VisIt sets up identical data flow networks on every processor. The only thing that distinguishes the networks is which portion of the larger data set they operate. It is the job of the LoadBalancer to tell each processor what this portion is.
 Domain Overloading
Typically, VisIt leverages the domain decomposition of the physics code for its own parallelization model. The number of processors that VisIt's parallel server is run on is typically much less than the number of domains the simulation code produced. So VisIt must support domain overloading, where multiple domains are processed on each processor. Note that it is not sufficient to simply combine unrelated domains into one larger domain. This is not even possible for some grid types, like rectilinear grids where two grids are likely not neighboring and cannot be combined. And for situations where grids can be combined, like with unstructured grids, additional overhead would be incurred to distinguish which domains the elements in the combined grid originated from, which is important for operations where users want to refer to their elements in their original form (for example, picking on elements).
 Techniques for domains overloading
VisIt has two techniques to do domain overloading. One approach, called streaming, will process domains one at a time. In this approach, there is one pipeline execution for each domain. Another approach, called grouping, is to execute the pipeline only once and to have all the domains travel down the pipeline together.
 Load Balancing Strategies
VisIt can employ either streaming or grouping when doing its load balancing.
 Static Load Balancing
With static load balancing, domains are assigned to the processors at the beginning of the pipeline execution and a grouping strategy is applied. Because all of the data is available for any stage of the pipeline, collective communication can take place, enabling algorithms like streamline generation that cannot be efficiently implemented in an out-of-core setting.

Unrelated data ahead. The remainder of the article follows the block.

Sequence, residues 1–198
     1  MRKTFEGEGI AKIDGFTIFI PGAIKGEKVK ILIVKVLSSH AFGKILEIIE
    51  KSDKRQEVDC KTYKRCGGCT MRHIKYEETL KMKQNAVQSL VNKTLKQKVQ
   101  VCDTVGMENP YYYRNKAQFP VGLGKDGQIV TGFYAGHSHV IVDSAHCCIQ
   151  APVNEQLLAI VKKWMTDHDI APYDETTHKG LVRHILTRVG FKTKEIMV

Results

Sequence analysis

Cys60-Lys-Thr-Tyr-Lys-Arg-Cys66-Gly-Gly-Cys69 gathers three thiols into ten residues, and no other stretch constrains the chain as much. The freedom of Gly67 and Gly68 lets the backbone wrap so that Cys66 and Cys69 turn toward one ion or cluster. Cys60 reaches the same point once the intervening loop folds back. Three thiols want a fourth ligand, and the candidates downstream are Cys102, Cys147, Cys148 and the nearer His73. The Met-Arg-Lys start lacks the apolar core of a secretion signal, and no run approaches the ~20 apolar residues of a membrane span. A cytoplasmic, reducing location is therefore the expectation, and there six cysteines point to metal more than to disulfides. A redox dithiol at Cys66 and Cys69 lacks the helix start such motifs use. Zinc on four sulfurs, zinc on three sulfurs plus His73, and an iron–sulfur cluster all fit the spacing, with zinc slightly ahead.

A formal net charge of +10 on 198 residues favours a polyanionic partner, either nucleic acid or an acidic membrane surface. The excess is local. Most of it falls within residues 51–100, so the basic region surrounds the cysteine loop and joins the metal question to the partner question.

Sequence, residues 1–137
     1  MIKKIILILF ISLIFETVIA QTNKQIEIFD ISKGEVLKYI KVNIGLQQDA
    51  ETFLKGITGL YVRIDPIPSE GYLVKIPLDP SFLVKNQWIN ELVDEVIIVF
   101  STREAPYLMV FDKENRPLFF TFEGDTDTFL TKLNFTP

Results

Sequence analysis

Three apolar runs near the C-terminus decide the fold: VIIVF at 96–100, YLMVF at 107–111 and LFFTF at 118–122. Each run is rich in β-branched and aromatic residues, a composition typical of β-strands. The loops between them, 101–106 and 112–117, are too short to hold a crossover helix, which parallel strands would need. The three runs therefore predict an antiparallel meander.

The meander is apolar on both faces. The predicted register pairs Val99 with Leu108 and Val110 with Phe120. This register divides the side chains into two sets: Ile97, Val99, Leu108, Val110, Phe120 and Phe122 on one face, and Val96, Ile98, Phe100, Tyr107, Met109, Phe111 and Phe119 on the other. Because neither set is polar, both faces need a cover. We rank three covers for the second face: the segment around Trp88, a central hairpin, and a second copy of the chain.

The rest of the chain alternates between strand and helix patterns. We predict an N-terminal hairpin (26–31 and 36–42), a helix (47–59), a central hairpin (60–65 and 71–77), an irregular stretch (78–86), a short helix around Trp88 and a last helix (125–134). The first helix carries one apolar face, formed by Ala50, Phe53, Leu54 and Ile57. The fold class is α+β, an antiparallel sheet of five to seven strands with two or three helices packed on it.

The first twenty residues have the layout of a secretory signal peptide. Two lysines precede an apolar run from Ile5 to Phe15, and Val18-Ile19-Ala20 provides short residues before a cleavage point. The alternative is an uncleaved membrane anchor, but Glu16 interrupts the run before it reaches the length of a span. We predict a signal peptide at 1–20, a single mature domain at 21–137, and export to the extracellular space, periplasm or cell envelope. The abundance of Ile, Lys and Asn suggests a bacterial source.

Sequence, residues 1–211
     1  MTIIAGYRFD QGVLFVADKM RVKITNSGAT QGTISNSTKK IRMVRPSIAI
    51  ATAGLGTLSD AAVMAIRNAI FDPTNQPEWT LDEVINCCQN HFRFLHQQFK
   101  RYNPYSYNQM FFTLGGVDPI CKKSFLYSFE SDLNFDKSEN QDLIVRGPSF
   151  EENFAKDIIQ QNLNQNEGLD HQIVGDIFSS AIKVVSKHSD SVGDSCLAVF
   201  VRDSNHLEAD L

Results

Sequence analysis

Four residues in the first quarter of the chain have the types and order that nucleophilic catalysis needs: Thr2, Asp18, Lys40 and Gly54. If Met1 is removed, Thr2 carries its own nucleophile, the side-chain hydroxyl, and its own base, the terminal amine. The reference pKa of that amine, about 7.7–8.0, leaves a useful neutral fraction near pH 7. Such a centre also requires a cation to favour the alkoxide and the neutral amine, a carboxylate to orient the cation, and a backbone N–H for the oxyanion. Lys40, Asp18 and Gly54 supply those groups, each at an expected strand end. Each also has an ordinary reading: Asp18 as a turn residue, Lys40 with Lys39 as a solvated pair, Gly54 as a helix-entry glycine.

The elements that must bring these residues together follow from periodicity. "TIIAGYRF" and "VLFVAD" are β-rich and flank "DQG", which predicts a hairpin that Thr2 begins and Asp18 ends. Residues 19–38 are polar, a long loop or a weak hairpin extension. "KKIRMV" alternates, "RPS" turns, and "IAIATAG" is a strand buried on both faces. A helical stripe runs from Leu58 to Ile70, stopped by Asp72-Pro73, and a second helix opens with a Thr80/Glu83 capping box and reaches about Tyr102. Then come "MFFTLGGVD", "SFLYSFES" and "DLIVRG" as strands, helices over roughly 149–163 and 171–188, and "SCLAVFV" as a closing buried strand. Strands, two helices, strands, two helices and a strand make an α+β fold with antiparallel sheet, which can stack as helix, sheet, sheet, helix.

Dynamic Load Balancing
With dynamic load balancing, domains are assigned dynamically and a streaming strategy is applied. Not all domains take the same amount of time to process; dynamic load balancing efficiently (and dynamically) schedules these domains, creating an evenly distributed load. In addition, this strategy will process one domain in entirety before moving on to the next one, increasing cache coherency. However, because the data streams through the pipeline, it is not all available at one time and collective communication cannot take place with dynamic load balancing.
For VisIt's dynamic load balancing implementation, one processor is designated as a master and the rest as slaves. The master does no work and instead assigns work to slaves as they request it.
 What VisIt actually does
So how should VisIt decide which load balancing method to use? Dynamic load balancing is more efficient when the amount of work per domain varies greatly, but the technique does not support all algorithms. Static load balancing is usually less efficient, but does support all algorithms. The best solution is to use dynamic load balancing when possible, but fall back on static load balancing when an algorithm can not be implemented in a streaming setting. However, in a practical setting, dynamic load balancing is frequently not useful. Because dynamic load balancing throws out intermediate results, there is no query-able data. You cannot do picks or other queries. For this reason, dynamic load balancing has been turned off by default and static load balancing is the only method used.
You can turn dynamic load balancing on as a command line feature: -allowdynamic. Note that most of the regression tests pass when run with -allowdynamic, but some do fail and this mode is considered "under development". Also, note that algorithms that require collective communication will still revert to static load balancing.
 Command line options for load balancing
-lb-block Assign the first D/P domains to processor 0, the next D/P domains to processor 1, etc. -lb-stride Assign every Pth domain starting from the first to processor 0, every Pth domain starting from the second to processor 1, etc. -lb-absolute Assign domains by absolute domain number % P. This guarentees a given domain is always processed by the same processor but can also lead to poor balance when only a subset of domains is selected. -lb-random Randomly assign domains to processors. -allowdynamic Dedicate one processor to spreading the work dynamically among the other processors. This mode has limitations in the types of queries it can perform. Under development.